Portraits by Robert X. Fogarty. Words by Adam Karlin. Production by Jonny Rosenbloom

Bradley German remembers doing spring mowing on May 22. “It was a good, beautiful day.” Hot and sunny enough to take his shirt off while he, his wife Amanda, son Brody and stepson James Pierce hung out with two friends, joking around as the sirens started and the storm approached, even tossing quarter-sized pieces of hail at each other.

Then his friend Dave came inside and told everyone to get in the bathroom. “He’s a very nonchalant, happy-go-lucky kind of guy,” Amanda says. “And he had lost some of his color. None of us blinked or asked a question. We started moving, but four adults and three children (and two dogs) couldn’t all cram in the bathroom, so everyone crowded into the hallway instead.”

Brody, currently a second-grader, succinctly explains what happens next: “Then the walls left.”

He blacked out, then woke up soaked in his own blood, his voice was full of terror and panic, screaming, “My neck! My neck!”

“You could see three of his vertebrae,” says Bradley. “It wasn’t cut. It was like a chunk of his neck was rolled out.” Even today, the scar is impressive, like someone raised a small pink mountain range on Brody’s neck.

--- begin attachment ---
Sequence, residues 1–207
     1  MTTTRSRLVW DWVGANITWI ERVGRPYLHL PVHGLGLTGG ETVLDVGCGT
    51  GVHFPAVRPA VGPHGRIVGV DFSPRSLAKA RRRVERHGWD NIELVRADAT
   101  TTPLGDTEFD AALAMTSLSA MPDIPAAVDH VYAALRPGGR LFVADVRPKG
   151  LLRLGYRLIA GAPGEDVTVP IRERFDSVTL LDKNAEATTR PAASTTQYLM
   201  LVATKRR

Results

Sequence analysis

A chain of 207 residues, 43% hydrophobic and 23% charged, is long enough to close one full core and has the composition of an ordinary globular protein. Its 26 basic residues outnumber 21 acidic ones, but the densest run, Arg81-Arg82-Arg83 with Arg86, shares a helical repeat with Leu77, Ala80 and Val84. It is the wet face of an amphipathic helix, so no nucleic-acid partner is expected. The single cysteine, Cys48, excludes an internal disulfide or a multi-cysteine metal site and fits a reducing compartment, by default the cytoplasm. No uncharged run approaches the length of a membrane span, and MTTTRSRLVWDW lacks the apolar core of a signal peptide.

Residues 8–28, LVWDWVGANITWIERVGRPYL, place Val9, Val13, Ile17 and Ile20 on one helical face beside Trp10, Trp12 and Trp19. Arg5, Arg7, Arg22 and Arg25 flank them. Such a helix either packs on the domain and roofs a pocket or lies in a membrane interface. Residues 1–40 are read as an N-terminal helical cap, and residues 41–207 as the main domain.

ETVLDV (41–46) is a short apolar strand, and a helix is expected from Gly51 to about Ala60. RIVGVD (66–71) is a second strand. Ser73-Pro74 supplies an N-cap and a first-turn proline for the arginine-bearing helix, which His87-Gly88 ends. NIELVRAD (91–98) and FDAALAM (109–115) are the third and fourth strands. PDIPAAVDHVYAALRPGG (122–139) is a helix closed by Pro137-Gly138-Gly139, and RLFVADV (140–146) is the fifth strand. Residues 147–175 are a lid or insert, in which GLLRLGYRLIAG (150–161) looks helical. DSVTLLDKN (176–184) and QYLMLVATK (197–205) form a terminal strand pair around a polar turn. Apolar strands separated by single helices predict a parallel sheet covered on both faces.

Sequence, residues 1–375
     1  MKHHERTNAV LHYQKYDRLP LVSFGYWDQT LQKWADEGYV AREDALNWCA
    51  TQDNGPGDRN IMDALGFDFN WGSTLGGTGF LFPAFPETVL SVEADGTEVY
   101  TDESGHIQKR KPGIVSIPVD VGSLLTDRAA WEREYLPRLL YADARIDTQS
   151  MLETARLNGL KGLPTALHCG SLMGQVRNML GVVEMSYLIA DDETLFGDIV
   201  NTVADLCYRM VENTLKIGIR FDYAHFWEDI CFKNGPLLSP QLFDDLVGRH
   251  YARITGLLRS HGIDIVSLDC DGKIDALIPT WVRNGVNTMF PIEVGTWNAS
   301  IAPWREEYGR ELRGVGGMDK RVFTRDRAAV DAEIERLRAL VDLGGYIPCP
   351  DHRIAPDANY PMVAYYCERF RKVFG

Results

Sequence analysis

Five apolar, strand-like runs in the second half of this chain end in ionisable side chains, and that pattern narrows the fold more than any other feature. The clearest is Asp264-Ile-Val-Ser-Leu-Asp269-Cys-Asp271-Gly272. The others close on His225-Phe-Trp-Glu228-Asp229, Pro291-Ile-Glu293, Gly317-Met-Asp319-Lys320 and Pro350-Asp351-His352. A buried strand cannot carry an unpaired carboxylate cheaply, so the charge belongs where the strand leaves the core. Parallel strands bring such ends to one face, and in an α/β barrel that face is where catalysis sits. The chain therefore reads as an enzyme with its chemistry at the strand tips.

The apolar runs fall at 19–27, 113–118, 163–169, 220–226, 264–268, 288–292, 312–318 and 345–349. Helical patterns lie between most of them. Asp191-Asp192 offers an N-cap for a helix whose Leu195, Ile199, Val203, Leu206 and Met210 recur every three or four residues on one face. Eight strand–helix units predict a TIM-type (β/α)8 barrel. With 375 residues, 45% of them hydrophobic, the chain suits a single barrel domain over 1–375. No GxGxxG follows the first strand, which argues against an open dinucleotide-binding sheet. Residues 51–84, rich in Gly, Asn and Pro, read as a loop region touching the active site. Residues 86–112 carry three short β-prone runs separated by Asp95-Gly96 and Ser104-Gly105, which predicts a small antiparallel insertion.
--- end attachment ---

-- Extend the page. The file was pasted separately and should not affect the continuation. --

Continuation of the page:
“I couldn’t move,” Brody chimes in; Bradley smiles at this and says, “You were moving buddy, trust me.” Brody was struggling and squirming, bloody and slippery, more so because Bradley wasn’t wearing a shirt. What followed was a hellish run through debris to nearby St. John’s hospital, which was its own small hell. Doctors were using axes to break open storage lockers to get morphine. One man with a collapsed lung was operated on with no anesthesia.

Brody was struggling the entire time, thrashing about, but was calmed down when Cinnamon, his Chihuahua, who had been left outside, miraculously made her own way through the hospital to his bedside. Eventually, the boy with a hole in his neck was transferred to Freeman hosptial; while waiting for ambulances, a stranger pulled up in his new truck. Brody, Bradley, and some doctors jumped into the back of the truck, sticking with their patient as the makeshift EMS vehicle whipped through the streets at 80 miles per hour.

Now Brody’s scar is outshone by his big smile. The muscles of his neck have been re-attached. James proudly makes the point: his foot injuries may have been less severe, but they took more time to heal due to infection. Everyone in the family is a bit of an amateur meteorologist, and Bradley is investing money in a storm shelter. He believes open dialogue is the way forward.

“We have amazing kids, and we hide nothing from them. We’re completely open with them. That’s how you deal with this.”

I Survived